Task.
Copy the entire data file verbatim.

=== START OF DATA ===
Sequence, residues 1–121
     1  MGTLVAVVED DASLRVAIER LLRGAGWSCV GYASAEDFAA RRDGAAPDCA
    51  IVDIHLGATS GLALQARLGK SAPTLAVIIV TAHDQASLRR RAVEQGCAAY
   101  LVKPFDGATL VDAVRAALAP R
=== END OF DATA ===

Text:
Sequence, residues 1–121
     1  MGTLVAVVED DASLRVAIER LLRGAGWSCV GYASAEDFAA RRDGAAPDCA
    51  IVDIHLGATS GLALQARLGK SAPTLAVIIV TAHDQASLRR RAVEQGCAAY
   101  LVKPFDGATL VDAVRAALAP R